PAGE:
Until someone has standing to challenge President Obama’s recess appointment of Richard Cordray as Director of the Bureau, people with an interest in the issue have been following challenges to Obama’s three contemporaneous recess appointments to the NLRB. Last week, in the first of two cases making such a challenge, Judge Amy Berman Jackson avoided deciding the constitutional question, which she characterized as a “political dispute” without invoking the political question doctrine, and relied instead on procedural and substantive labor law grounds. Her opinion can be found here.
Plaintiffs in the case filed a motion in January seeking leave to amend their August 2011 complaint in order to add the recess appointment challenge and arguing, in effect, that the NLRB as currently constituted had no authority to enforce or implement the rule that was the focus of the dispute. While acknowledging that, generally speaking, leave to amend a complaint is freely granted, Judge Jackson ruled that this case fell within the futility exception. The NLRB rule plaintiffs had challenged had been validly promulgated by an NLRB operating with a quorum, any injuries that plaintiffs might suffer from future enforcement of the rule were speculative and not ripe for decision, and any such enforcement would be initiated under the National Labor Relations Act not by the Board itself but under delegated authority to the General Counsel or his designee, the appropriate NLRB regional director.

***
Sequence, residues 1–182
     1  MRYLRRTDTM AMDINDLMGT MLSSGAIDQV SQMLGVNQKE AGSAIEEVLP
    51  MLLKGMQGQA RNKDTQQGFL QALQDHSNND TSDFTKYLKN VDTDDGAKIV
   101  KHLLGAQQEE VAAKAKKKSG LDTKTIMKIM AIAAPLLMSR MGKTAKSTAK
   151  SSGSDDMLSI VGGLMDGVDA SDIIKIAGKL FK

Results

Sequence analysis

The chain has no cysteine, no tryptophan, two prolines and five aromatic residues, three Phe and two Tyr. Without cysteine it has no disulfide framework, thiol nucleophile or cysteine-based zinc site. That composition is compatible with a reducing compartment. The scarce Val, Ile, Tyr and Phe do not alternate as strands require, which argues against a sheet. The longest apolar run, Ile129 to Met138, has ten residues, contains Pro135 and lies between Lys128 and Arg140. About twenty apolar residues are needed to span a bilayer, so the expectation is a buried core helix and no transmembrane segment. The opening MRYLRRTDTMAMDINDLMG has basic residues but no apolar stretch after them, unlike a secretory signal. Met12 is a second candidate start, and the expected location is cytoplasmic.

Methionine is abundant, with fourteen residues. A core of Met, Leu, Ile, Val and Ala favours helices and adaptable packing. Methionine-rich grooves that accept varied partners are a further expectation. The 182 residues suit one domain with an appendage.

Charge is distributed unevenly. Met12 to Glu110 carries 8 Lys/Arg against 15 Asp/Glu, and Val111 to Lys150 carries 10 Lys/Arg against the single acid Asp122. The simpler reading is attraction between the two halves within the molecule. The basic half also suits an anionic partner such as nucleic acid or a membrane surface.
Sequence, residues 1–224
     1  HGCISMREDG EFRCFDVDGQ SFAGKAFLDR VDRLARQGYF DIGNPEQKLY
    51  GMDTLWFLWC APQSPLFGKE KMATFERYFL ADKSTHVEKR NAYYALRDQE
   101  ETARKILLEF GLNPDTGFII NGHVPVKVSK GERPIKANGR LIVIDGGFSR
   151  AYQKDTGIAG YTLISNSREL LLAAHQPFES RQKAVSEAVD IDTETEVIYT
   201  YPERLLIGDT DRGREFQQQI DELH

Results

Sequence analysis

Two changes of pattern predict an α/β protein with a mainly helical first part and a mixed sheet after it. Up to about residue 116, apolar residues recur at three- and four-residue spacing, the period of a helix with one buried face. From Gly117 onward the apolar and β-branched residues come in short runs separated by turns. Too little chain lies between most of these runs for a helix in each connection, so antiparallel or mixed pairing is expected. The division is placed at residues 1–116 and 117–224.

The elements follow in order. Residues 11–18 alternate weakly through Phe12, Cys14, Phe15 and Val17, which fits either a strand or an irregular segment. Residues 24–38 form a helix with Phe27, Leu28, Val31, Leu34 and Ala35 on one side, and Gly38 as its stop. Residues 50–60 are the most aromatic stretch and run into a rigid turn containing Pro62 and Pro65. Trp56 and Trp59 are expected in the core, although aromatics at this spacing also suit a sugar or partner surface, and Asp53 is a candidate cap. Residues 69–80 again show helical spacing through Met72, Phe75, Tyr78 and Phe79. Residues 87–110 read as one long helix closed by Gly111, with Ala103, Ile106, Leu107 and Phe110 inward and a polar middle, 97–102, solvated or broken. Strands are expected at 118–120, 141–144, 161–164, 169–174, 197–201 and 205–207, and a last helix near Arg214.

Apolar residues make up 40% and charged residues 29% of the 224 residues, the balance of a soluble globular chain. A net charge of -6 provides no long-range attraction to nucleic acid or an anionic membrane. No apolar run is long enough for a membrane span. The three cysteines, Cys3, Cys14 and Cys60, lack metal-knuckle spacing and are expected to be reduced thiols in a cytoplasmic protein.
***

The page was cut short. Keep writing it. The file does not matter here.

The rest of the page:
A second, more recently filed case challenging Obama’s NLRB recess appointments is pending in the Eastern District of New York. See Paulsen v. Renaissance Equity Holding LLC, No. 12-cv-350 (E.D.N.Y., filed Jan. 25, 2012).